How Wall Street Became ‘Wall Street’

By John Steele Gordon

As a thoroughfare, Wall Street is unimpressive. Narrow and just six blocks long, it runs between Trinity Church and the East River. But as a metonym for the world of American finance it is mighty indeed.

Philadelphia, however, was the country’s first financial center and was highly innovative when it came to banking. Indeed, the Philadelphia area saw the creation of the first commercial bank, the first central bank, the first mutual savings bank, the first savings and loan and the first national bank in the country. It also had the country’s first real stock exchange.

Because it was the nation’s capital at the time, Hamilton’s Bank of the United States was established there in 1791 and that, ipso facto, made Philadelphia the center of American banking.

But when the Erie Canal opened in 1825, the produce of the Middle West that had once necessarily flowed down the Mississippi to New Orleans could now flow through the Great Lakes and the canal to New York and reach East Coast markets more quickly and at lower cost.

In the words of the poet Oliver Wendell Holmes, the father of the Supreme Court justice, New York quickly became “that tongue that is licking up the cream of commerce of a continent.”

With New York a boomtown, its banks and exchanges—clustered around Wall Street—soon grew to be the equal of Philadelphia as a money center. Still, with the Second Bank of the United States, headed by the Philadelphia aristocrat Nicholas Biddle, Philadelphia easily could hold its own.

But President Andrew Jackson hated banks and paper money and was determined to kill the Second Bank, a major blow to Philadelphia banking. In 1832, he vetoed the rechartering of the bank and began moving the large federal deposits there to what were soon dubbed by Jackson’s political enemies “pet banks” in western areas. This uniquely American decentralized approach to banking—frequently addressed in this column—is why, unlike countries like Canada or the United Kingdom, we still have nearly 5,000 banks in this country and dozens of large and regional institutions.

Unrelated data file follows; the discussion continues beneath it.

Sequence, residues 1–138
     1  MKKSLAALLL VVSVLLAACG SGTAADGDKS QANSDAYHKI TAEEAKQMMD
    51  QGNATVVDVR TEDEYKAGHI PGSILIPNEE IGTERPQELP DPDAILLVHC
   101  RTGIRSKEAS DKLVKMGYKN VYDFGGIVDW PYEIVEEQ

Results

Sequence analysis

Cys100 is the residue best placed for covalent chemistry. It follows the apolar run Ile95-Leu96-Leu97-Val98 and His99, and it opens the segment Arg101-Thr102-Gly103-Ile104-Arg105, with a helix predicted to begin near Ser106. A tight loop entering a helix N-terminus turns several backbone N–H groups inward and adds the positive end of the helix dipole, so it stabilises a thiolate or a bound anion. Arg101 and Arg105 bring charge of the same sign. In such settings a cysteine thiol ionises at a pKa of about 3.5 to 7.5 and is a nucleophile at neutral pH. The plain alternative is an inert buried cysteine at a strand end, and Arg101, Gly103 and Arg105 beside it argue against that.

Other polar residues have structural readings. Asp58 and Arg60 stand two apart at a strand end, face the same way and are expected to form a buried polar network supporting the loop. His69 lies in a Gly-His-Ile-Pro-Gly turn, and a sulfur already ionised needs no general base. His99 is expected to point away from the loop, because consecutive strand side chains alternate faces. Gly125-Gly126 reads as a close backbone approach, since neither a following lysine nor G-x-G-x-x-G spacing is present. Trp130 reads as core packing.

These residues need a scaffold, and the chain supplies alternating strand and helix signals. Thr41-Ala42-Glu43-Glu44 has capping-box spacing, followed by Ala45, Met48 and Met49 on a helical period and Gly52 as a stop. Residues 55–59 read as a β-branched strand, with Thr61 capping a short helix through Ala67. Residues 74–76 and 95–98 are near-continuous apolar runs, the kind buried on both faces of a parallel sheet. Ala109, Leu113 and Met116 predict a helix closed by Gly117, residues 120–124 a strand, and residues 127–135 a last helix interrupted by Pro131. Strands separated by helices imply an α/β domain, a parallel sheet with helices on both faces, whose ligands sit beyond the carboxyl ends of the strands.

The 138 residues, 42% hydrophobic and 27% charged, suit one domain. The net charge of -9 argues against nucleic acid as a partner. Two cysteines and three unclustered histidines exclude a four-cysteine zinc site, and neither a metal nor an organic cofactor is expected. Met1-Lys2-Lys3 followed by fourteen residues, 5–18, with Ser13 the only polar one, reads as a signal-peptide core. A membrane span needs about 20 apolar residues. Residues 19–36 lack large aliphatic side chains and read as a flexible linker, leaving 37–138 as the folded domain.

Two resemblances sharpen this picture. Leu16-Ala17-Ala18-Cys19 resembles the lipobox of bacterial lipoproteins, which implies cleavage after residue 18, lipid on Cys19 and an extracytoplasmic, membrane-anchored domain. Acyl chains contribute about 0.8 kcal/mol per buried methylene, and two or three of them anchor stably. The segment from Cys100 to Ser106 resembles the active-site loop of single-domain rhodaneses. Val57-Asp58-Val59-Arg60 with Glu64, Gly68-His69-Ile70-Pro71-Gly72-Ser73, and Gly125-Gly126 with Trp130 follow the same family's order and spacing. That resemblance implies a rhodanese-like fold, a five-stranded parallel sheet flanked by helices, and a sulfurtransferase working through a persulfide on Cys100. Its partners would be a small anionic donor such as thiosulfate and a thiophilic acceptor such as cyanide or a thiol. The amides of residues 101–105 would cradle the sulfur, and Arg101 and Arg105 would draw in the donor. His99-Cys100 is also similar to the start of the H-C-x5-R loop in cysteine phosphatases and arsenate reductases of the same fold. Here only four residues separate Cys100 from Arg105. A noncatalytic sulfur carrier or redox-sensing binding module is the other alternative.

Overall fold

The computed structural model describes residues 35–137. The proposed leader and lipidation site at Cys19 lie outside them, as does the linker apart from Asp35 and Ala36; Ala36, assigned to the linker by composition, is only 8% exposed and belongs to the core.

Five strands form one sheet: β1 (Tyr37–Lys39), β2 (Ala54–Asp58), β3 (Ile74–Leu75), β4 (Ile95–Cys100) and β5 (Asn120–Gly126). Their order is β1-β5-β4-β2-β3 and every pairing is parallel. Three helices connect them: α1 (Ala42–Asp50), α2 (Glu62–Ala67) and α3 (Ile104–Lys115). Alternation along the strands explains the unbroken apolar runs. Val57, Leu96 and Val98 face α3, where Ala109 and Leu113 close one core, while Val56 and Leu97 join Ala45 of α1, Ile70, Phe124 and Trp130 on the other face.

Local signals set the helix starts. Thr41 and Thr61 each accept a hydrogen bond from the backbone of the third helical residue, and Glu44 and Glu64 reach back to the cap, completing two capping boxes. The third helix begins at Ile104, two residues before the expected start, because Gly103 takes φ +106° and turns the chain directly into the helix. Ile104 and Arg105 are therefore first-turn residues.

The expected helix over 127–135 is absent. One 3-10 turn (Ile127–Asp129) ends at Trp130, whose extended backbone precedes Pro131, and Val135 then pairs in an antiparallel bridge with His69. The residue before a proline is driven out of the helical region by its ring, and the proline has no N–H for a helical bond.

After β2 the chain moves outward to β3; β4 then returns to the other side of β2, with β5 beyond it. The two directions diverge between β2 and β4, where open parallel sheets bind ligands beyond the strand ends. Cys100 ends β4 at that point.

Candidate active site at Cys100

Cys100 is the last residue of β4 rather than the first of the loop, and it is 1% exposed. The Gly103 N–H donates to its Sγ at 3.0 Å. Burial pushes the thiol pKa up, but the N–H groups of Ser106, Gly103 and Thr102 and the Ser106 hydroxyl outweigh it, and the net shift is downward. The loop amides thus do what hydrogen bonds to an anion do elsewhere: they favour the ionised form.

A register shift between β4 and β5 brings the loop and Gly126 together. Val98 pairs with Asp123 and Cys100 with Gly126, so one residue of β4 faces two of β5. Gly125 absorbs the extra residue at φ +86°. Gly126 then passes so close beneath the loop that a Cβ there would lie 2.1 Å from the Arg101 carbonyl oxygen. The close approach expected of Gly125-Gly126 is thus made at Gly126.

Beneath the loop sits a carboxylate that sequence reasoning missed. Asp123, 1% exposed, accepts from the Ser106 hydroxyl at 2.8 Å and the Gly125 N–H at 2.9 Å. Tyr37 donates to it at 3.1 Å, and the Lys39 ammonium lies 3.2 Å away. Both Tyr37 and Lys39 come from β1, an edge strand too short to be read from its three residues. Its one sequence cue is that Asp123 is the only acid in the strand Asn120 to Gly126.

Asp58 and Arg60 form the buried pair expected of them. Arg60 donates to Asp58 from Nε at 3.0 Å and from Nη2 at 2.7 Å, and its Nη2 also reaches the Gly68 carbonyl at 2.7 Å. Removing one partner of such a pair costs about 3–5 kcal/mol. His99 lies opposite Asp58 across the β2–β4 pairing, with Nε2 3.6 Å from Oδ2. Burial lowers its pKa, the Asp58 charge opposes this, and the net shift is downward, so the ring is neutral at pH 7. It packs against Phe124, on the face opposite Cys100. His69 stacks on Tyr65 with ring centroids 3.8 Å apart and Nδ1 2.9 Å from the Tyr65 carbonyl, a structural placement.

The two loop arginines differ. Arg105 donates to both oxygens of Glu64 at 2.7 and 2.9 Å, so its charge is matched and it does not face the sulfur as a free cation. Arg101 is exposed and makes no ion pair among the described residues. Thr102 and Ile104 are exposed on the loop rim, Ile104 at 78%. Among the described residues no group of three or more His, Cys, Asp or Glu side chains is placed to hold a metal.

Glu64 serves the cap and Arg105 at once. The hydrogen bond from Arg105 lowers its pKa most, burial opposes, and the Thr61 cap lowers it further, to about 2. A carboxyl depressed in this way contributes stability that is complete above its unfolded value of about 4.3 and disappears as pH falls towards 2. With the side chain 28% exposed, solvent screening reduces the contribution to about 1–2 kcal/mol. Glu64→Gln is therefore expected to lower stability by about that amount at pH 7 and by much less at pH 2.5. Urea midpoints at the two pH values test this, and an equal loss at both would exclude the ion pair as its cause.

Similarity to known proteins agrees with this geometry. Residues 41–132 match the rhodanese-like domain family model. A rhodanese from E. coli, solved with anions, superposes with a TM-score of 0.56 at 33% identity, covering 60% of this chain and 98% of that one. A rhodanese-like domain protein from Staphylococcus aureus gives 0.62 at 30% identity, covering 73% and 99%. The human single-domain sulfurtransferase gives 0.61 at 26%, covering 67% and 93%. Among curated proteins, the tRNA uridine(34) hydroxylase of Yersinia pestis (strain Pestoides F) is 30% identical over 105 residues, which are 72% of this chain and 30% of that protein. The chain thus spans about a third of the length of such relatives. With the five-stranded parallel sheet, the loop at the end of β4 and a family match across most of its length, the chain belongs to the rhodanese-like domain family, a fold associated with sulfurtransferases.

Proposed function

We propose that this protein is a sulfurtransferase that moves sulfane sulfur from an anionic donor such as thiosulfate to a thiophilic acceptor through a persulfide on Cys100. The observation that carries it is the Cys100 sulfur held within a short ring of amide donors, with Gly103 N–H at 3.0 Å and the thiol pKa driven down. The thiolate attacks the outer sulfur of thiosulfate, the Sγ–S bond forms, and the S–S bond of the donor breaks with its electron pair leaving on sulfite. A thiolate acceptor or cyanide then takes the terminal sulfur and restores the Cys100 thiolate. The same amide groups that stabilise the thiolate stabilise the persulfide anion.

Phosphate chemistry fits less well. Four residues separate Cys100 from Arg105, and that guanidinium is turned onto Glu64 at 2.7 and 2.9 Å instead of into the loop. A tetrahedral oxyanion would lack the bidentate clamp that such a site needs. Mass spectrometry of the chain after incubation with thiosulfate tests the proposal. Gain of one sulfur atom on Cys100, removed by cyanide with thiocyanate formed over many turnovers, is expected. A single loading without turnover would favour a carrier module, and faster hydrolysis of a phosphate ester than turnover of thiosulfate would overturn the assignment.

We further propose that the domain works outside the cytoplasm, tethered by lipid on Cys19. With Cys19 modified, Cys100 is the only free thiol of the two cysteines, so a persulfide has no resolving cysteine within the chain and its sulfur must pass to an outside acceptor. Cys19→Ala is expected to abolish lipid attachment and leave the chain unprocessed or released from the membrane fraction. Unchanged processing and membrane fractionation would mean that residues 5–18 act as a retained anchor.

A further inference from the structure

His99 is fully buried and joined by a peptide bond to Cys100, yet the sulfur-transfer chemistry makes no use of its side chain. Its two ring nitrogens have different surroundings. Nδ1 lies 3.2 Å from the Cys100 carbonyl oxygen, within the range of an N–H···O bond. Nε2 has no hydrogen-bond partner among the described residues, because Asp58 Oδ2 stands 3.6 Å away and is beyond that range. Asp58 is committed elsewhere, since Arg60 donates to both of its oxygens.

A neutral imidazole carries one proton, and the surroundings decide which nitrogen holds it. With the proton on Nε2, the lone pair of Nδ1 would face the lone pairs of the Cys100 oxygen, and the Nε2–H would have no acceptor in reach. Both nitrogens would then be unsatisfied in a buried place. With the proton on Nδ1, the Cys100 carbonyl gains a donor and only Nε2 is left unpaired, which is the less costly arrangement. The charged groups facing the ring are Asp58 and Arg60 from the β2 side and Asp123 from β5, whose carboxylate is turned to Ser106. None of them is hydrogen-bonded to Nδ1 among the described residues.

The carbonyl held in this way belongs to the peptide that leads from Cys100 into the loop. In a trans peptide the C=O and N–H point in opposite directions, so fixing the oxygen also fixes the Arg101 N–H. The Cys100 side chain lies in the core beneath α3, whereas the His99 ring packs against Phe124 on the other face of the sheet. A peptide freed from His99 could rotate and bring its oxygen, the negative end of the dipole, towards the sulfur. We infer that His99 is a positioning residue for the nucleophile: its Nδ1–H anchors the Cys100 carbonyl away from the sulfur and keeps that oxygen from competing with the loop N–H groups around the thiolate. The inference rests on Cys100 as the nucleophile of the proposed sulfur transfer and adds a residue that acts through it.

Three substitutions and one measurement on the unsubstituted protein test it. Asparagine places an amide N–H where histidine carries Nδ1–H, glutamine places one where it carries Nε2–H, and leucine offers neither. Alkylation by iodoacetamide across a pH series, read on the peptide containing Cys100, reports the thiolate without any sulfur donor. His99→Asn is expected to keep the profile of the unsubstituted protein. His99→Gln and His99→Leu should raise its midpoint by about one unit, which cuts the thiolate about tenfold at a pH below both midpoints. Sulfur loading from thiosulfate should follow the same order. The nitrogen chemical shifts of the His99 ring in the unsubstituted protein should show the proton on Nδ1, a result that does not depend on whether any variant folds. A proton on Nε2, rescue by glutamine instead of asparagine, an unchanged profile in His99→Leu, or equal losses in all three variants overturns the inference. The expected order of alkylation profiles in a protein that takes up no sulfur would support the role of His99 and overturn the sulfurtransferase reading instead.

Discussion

With this influx of deposits, the pet banks were able to greatly expand lending to land speculators, and speculate they did. Federal land sales had averaged about $2.5 million a year in the early 1930s. By the summer of 1836 they were running at $5 million a month. Jackson was determined to stop the speculation and on July 11 he issued the “Specie Circular” as an executive order. Except for those who actually intended to settle on the land they bought from the government, land buyers now had to pay for the land in gold or silver.

Needless to say, this brought the speculation to an immediate halt and increased the demand for specie among the western banks, draining gold and silver from eastern ones. Worse, the federal deposits in the pet banks were scheduled to be turned over to the states on Jan. 1, 1837. The pet banks began calling in their loans, and the highly illiquid land speculators began to default in large numbers, causing many of the banks to fail. A wave of bank failures swept eastward and plunged the country into a deep depression.

Pennsylvania at that time had a very large state debt, over $20 million. When the state’s revenues fell sharply in the depression, it could meet neither the principal nor the interest and defaulted. Many of the Philadelphia banks, holding large amounts of state bonds, soon failed, and Chestnut Street was devastated.

New York State, with a state debt of only $2 million (and large revenues from the Erie Canal) had no trouble meeting its obligations. Wall Street banks were able to weather the storm and soon dominated American finance. They never looked back.


About Author

John Steele Gordon, the ABA Banking Journal's "From the Vault" columnist, is an acclaimed economic historian. His books include An Empire of Wealth, Hamilton’s Blessing and The Great Game.